Keeping Your Swimmers Alive – Are You Responsible?

Health and Safety in swimming pools is vital, yet there are still around 10 deaths every year caused by drowning.  Each of these is a tragedy and many can easily be avoided.

One of the biggest risks to swimmers is entrapment.  A swimmer held underwater will invariably drown.

So what are the causes and what are the solutions?

Excessive Suction

Outlets have a large volume of water flowing through them in order for the water to be filtered by the plant equipment.  This creates suction around the outlet openings in the pool.  If the flow rate is too high or the sump grilles poorly designed, it could lead to someone being sucked onto the grille and unable to free themselves.  This is a major hazard, especially when the pool only has a single outlet.

There should be at least two active outlets per suction line.  These should be far enough apart to prevent a body being trapped.

The amount of suction produced at any single outlet position should not be sufficient to result in a body being drawn towards it and held in position or forcefully suck in hair.  The spinning vortex caused around the suction pipe creates an underwater whirl pool which can entangle hair sucked through the grille. If this were to happen the swimmer may become trapped.

Hair entrapment injury

To overcome this problem, the recommended maximum flow rate is 0.5m/s, ideally 0.3 m/s.

Special oversized anti- vortex grilles can be retro-fitted over existing outlets and sumps.  These have water inlets on the sides as well as the top ensuring the outlet area cannot be blocked.  The larger surface area reduces the suction over the grille area without affecting the flow rate.

Suction injury to torso


According to BS EN:13451 grille openings should be less than 8mm to avoid entrapment of fingers.  A simple probe test can be used to determine if grilles conform to this safety standard.  If grilles have holes which are 8mm-23mm, they will pose an entrapment risk and should be changed for grilles which conform to the British Standard.   Children are particularly vulnerable as they are often inquisitive in swimming pools and will explore the environment with no concept of the dangers that may be present.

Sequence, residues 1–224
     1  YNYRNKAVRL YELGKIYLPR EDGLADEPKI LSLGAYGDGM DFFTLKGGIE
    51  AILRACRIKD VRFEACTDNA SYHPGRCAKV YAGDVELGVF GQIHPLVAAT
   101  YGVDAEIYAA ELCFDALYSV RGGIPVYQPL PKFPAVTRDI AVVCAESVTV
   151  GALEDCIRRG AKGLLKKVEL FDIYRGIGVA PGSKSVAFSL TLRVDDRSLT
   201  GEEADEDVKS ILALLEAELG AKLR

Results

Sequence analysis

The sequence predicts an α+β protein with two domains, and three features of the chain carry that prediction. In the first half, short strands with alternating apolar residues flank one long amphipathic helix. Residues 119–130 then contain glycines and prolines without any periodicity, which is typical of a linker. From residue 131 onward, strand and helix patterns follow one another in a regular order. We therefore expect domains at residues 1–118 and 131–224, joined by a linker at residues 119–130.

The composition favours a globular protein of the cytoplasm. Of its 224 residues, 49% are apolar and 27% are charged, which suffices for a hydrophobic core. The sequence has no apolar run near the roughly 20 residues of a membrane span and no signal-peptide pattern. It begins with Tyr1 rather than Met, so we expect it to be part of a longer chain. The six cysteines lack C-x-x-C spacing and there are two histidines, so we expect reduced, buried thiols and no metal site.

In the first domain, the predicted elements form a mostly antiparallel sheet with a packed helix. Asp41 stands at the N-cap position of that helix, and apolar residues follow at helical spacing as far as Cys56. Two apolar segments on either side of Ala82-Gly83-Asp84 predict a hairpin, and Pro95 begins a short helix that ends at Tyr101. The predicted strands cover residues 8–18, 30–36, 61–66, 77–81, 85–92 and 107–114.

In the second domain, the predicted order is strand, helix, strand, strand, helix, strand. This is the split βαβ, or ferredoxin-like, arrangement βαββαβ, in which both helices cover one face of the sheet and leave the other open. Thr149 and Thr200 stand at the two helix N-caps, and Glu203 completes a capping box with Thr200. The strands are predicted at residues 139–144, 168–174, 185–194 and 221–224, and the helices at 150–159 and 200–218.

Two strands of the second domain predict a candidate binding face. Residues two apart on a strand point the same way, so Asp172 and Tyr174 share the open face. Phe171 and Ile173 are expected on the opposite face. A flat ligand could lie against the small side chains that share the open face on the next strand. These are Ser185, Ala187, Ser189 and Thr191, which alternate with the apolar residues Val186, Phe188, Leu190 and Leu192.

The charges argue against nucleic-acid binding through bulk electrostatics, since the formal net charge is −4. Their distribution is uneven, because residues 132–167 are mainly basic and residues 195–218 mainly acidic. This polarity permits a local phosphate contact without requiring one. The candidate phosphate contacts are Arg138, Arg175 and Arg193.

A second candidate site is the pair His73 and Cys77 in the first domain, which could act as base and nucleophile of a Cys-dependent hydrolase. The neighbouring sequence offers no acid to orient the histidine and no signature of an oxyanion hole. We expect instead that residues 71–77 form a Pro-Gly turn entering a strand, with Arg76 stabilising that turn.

Wave Machine Chambers

Wave machine chambers should be securely guarded against swimmers from entering the chamber area.  The guard rails should be 100mmm apart or less and constructed of rounded bar to help prevent limb entrapment.

Moving Floors and Bulkheads

Moving floors and bulkheads should be checked regularly to ensure there are no gaps around the edges greater than 8mm which could lead to entrapment.  Many moving floors and bulkheads have guide rollers on the wall which can be adjusted in order to maintain a safe gap.  Flexible rubber gaskets can be used to fill any gaps between the edge of the moving floor and the wall.  Bulkheads should be sealed to prevent a swimmer from gaining access and becoming trapped inside.


A child with a trapped arm



Where slides enter the water, the gap between the slide structure and the wall may present an entrapment danger to slide and pool users which could lead to injury or death.

Our Solution

If you are unsure about the safety of your swimming pool, we will conduct an underwater health and safety audit within the pool and offer solutions to any entrapment hazards found.

Diver inspecting an inlet diffuser on a safety inspection.

It is better to be safe than sorry.

Commercial and Specialised Diving are experts in swimming pool safety.  We can survey and remedy any health and safety issues regarding your swimming pool.

If you have a project that requires our help, please do not hesitate to give us a call on 01202 580007.